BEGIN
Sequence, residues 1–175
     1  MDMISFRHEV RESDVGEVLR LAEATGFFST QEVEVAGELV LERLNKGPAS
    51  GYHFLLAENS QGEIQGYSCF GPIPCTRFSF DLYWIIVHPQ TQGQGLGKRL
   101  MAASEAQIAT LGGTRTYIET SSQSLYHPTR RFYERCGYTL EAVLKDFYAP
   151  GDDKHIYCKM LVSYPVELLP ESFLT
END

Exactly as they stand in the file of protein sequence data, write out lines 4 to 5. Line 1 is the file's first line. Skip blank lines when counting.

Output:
   101  MAASEAQIAT LGGTRTYIET SSQSLYHPTR RFYERCGYTL EAVLKDFYAP
   151  GDDKHIYCKM LVSYPVELLP ESFLT